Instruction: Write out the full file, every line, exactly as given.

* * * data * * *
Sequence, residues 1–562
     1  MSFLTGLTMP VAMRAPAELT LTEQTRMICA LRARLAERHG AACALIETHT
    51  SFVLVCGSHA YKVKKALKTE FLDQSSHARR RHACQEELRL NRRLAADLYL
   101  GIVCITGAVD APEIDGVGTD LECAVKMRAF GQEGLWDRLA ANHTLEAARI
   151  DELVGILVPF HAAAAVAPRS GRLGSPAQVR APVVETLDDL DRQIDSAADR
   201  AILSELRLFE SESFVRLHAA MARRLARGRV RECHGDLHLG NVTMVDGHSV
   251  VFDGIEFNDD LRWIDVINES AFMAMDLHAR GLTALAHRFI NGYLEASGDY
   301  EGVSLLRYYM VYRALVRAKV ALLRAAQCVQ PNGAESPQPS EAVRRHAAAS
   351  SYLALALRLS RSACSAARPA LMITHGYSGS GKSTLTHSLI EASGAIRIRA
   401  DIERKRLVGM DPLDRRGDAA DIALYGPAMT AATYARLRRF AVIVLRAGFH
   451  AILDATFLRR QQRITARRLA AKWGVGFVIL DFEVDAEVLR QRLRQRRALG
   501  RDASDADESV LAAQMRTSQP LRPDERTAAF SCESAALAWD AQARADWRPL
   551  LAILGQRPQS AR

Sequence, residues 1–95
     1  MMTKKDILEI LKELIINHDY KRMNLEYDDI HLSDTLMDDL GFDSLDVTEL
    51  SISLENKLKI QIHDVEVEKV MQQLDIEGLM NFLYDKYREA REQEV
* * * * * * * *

Sequence, residues 1–562
     1  MSFLTGLTMP VAMRAPAELT LTEQTRMICA LRARLAERHG AACALIETHT
    51  SFVLVCGSHA YKVKKALKTE FLDQSSHARR RHACQEELRL NRRLAADLYL
   101  GIVCITGAVD APEIDGVGTD LECAVKMRAF GQEGLWDRLA ANHTLEAARI
   151  DELVGILVPF HAAAAVAPRS GRLGSPAQVR APVVETLDDL DRQIDSAADR
   201  AILSELRLFE SESFVRLHAA MARRLARGRV RECHGDLHLG NVTMVDGHSV
   251  VFDGIEFNDD LRWIDVINES AFMAMDLHAR GLTALAHRFI NGYLEASGDY
   301  EGVSLLRYYM VYRALVRAKV ALLRAAQCVQ PNGAESPQPS EAVRRHAAAS
   351  SYLALALRLS RSACSAARPA LMITHGYSGS GKSTLTHSLI EASGAIRIRA
   401  DIERKRLVGM DPLDRRGDAA DIALYGPAMT AATYARLRRF AVIVLRAGFH
   451  AILDATFLRR QQRITARRLA AKWGVGFVIL DFEVDAEVLR QRLRQRRALG
   501  RDASDADESV LAAQMRTSQP LRPDERTAAF SCESAALAWD AQARADWRPL
   551  LAILGQRPQS AR

Sequence, residues 1–95
     1  MMTKKDILEI LKELIINHDY KRMNLEYDDI HLSDTLMDDL GFDSLDVTEL
    51  SISLENKLKI QIHDVEVEKV MQQLDIEGLM NFLYDKYREA REQEV